A Tool to Combat the Construction Labor Shortage

FutureRoadBuilders.com is designed to attract young adults into our industry

Finding qualified workers is a challenge all road builders face. Part of the problem is the perceived image our industry has – many think it’s a low skill, low wage, dead-end career path.

A new website is challenging that image and trying to attract young adults into choosing road building as a rewarding career.

The Constructors Association of Western Pennsylvania (CAWP) is offering a free virtual pre-apprenticeship program that allows users to interact with each phase of a virtual highway construction project and learn about the skills needed to be a laborer, operating engineer, truck driver, etc.

The content of the program consists of videos, images and assessment questions that will provide users with a better understanding of the industry and assist with uncovering the skills needed for a career in highway construction.

Part of Future Road Builders is the CAWP Skill Arcade that tests coordination and skills typing rebar, lets users experience the challenges a road flagger encounters on the job, and allows users to operate an excavator. Each game is free and can be downloaded to a computer or mobile device.

Programs that feature game-based learning take a subject and make it fun. The game gives users the experience of being on a construction site, seeing the jobs and understanding what they entail.

After completing the pre-apprenticeship program, which typically takes 90 minutes, users will receive a certificate of completion and be ready to apply for one of several apprenticeship programs in highway construction located in western Pennsylvania.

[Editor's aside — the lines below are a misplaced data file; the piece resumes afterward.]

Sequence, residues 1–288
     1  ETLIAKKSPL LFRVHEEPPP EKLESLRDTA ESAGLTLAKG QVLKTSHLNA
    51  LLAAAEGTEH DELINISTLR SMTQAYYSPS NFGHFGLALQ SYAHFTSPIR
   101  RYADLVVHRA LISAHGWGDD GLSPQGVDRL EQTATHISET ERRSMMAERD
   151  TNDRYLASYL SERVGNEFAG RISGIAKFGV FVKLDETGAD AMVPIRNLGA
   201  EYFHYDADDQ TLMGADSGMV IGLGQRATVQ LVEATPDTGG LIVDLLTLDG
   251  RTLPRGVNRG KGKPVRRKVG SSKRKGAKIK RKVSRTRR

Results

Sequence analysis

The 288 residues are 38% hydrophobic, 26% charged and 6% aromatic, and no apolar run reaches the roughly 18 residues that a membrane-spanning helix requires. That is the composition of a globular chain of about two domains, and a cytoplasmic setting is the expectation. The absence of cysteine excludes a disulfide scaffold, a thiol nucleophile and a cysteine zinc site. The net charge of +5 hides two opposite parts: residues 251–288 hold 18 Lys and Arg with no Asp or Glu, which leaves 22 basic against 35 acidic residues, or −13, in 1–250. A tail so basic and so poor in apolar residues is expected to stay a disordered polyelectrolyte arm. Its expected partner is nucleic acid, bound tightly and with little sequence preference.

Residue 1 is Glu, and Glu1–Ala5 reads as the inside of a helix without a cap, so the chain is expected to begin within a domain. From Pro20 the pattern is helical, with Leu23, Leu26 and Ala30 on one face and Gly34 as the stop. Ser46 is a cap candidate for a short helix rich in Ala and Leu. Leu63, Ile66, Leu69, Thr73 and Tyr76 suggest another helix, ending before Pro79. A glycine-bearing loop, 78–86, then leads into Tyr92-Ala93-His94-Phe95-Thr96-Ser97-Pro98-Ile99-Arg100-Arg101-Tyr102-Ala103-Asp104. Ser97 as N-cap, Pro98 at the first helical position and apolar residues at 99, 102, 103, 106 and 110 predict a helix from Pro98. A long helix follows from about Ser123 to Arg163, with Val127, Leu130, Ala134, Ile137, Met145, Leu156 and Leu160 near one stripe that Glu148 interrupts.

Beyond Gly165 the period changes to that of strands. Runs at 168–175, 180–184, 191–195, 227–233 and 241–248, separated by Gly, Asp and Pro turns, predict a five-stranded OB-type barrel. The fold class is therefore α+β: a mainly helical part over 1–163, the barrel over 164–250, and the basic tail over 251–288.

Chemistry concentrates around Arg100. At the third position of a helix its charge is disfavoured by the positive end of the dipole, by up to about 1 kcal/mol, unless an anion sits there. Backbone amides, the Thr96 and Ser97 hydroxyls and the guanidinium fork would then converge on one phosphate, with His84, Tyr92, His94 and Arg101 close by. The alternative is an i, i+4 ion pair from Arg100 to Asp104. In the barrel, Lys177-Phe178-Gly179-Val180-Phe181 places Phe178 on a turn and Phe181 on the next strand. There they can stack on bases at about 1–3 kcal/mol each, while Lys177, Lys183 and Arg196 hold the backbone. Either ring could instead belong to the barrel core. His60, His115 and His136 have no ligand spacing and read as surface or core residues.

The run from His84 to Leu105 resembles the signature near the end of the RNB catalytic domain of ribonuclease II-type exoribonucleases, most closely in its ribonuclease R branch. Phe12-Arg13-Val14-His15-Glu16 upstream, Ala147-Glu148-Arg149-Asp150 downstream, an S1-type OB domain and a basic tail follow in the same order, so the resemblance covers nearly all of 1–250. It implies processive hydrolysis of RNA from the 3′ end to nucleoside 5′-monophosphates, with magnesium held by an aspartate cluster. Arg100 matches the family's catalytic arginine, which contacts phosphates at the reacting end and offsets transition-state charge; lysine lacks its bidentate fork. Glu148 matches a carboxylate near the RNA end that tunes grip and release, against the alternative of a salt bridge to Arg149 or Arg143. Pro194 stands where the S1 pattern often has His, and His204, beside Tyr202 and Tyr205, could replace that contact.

Over 1,500 students have used Future Road Builders. While the focus is western Pennsylvania, the concept can easily be adapted by other states and associations.

Our industry has a perception problem and a program like this that is designed to educate about the career opportunities, good paying and wages, and opportunities for growth can go a long way to attracting young adults into it.

Our industry is also getting older – 48% of the highway construction industry employees in the U.S. are 45 or older, so we need to attract the younger generation. Using technology and tools they understand will go a long way toward doing just that. When you get a moment, check out FutureRoadBuilders.com and let’s figure out how to get this program in every high school across the country so kids know there are viable alternatives to a four-year university degree.